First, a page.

I’ll Show YOU a Drop
I’m just going to go ahead and say what so many of us are thinking.
House music sucks.
Wait, wait, let me explain. I’m not talking about all house music, and I’m certainly not talking about all electronic music. If there’s a particular sub-subgenre that’s dear to your heart, I’m probably not criticizing it either—because I probably don’t even know what it is. Hardstyle, goosestep, spazzcore, itchwave—all you pedants out there can keep dissecting those protozoa on your blogs. I’ve got bigger, blander fish to fry.
You know the sound I’m talking about. Boring beats you could easily reproduce if you took a stethoscope along on your next run; synths best likened to subzero flatulence and that goddamn chromatic buildup that, not so long ago, would have meant something was very wrong with your washing machine—all of which culminates a hallowed drop.
From a Pit Bull song to your friend’s latest SoundCloud track, it’s the only musical trope that delivers the exact opposite of what it promises.
I don’t like it, and neither do you. Seriously, I’m pretty sure our demographic’s collective hard-on for obnoxious buzzing and thumping is the latest case of the emperor wearing no clothes. Everybody wants to look good in their tank tops and plastic sunglasses, and nobody wants to admit, as they aimlessly hop up and down, that dammit, they’d just rather be at home listening to The Carpenters.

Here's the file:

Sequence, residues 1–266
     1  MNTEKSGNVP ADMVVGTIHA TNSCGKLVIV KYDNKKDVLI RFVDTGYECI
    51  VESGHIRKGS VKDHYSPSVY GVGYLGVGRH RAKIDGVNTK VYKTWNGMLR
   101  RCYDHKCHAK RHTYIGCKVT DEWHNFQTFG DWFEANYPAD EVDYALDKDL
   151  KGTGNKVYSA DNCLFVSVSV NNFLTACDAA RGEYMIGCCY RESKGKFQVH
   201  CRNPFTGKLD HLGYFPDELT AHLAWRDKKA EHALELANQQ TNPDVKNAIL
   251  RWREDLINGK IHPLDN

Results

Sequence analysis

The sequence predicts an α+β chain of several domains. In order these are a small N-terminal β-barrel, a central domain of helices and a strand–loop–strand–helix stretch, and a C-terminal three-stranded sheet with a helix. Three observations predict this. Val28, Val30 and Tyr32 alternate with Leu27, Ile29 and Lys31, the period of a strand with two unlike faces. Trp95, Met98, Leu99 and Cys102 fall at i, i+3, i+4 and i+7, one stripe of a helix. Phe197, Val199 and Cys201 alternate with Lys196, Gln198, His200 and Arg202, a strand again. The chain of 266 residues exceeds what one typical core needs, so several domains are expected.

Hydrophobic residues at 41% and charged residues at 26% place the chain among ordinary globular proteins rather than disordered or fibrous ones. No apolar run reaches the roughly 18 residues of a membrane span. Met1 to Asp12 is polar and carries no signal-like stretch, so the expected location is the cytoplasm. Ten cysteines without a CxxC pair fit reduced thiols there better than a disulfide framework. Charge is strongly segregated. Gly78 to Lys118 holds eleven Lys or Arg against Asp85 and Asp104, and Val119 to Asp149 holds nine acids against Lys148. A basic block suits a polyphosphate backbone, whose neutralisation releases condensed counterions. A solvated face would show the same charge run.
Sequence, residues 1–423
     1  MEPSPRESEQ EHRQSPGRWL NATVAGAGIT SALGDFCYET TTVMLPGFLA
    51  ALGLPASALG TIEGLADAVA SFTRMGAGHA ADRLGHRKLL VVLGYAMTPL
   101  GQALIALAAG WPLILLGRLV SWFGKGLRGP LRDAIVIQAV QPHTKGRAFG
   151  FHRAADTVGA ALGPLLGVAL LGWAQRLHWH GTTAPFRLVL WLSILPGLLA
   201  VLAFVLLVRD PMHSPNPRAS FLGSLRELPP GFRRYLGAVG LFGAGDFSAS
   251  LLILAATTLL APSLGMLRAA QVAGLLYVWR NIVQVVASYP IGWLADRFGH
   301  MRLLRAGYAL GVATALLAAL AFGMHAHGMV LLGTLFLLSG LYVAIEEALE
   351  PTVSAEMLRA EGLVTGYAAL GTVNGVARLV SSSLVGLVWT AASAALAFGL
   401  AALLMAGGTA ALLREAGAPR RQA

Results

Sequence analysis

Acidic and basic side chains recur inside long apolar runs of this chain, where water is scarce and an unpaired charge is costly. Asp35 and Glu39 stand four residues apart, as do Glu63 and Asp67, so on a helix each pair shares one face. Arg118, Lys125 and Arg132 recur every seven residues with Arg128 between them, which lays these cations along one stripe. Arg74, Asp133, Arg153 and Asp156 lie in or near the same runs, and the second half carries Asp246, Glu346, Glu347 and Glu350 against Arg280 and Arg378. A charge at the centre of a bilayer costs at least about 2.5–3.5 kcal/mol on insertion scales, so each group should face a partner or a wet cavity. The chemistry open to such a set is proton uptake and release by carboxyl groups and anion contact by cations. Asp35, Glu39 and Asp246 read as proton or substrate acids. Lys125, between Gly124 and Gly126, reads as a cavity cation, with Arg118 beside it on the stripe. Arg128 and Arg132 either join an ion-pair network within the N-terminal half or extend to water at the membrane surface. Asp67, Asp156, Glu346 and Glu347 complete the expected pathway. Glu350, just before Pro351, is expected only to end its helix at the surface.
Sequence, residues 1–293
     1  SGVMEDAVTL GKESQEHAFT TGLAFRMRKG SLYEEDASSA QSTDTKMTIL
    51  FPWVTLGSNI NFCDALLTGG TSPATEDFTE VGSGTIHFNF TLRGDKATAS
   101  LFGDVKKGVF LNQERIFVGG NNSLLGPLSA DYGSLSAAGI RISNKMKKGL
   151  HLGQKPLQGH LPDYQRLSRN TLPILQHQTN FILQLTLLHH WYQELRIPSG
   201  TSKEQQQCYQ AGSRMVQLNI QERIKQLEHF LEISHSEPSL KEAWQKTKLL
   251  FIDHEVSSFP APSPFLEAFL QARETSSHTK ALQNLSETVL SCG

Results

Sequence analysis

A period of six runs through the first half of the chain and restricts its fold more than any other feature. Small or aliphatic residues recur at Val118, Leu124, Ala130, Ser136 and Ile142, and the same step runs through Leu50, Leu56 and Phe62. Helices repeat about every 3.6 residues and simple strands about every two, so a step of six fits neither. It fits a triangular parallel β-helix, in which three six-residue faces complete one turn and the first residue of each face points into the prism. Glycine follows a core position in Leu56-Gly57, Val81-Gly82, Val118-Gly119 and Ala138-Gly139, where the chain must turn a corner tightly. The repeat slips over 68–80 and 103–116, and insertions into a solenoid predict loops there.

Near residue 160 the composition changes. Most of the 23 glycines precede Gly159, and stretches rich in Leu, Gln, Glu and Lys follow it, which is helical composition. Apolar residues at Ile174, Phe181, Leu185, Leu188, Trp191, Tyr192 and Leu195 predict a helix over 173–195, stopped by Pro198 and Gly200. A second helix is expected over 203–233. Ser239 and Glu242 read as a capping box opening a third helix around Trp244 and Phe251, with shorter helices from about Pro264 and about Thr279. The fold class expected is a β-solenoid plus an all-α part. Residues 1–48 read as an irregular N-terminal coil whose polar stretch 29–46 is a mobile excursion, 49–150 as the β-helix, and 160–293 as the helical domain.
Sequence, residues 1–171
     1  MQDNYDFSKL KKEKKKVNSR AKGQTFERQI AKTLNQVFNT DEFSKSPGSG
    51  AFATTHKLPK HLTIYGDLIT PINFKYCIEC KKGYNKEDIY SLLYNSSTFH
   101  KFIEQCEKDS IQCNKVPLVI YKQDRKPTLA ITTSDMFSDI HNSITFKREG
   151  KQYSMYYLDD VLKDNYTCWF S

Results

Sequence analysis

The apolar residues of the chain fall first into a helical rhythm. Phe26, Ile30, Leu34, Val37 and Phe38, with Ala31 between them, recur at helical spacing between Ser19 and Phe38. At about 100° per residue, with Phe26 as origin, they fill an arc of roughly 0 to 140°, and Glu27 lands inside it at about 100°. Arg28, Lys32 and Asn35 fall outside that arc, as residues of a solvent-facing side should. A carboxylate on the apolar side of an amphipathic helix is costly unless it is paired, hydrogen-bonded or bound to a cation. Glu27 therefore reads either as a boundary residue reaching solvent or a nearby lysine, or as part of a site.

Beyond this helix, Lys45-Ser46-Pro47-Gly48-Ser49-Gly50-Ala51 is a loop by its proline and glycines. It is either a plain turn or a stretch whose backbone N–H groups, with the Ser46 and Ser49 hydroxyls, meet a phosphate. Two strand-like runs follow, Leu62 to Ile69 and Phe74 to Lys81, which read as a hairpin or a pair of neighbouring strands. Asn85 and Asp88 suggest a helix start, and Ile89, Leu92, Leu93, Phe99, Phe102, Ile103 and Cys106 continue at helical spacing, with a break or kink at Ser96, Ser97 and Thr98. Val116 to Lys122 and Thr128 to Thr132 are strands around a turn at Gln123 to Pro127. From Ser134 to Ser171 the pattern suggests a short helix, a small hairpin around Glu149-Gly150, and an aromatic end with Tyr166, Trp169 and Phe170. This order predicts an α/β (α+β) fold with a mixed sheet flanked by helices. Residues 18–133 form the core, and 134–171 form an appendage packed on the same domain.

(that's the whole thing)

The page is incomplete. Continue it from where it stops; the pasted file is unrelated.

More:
And then there’s the live factor. Hey, would-be Skrillex: that drop you spent hours perfecting by listening to car crashes won’t make up for your lack of stage presence. If the most you’re gonna do is wave your hand while you stand behind your array of laptops, you might as well just put a photocopier on stage and let it run. At least then your show, and your sound, would actually amount to something interesting.
—Graeme Shorten Adams,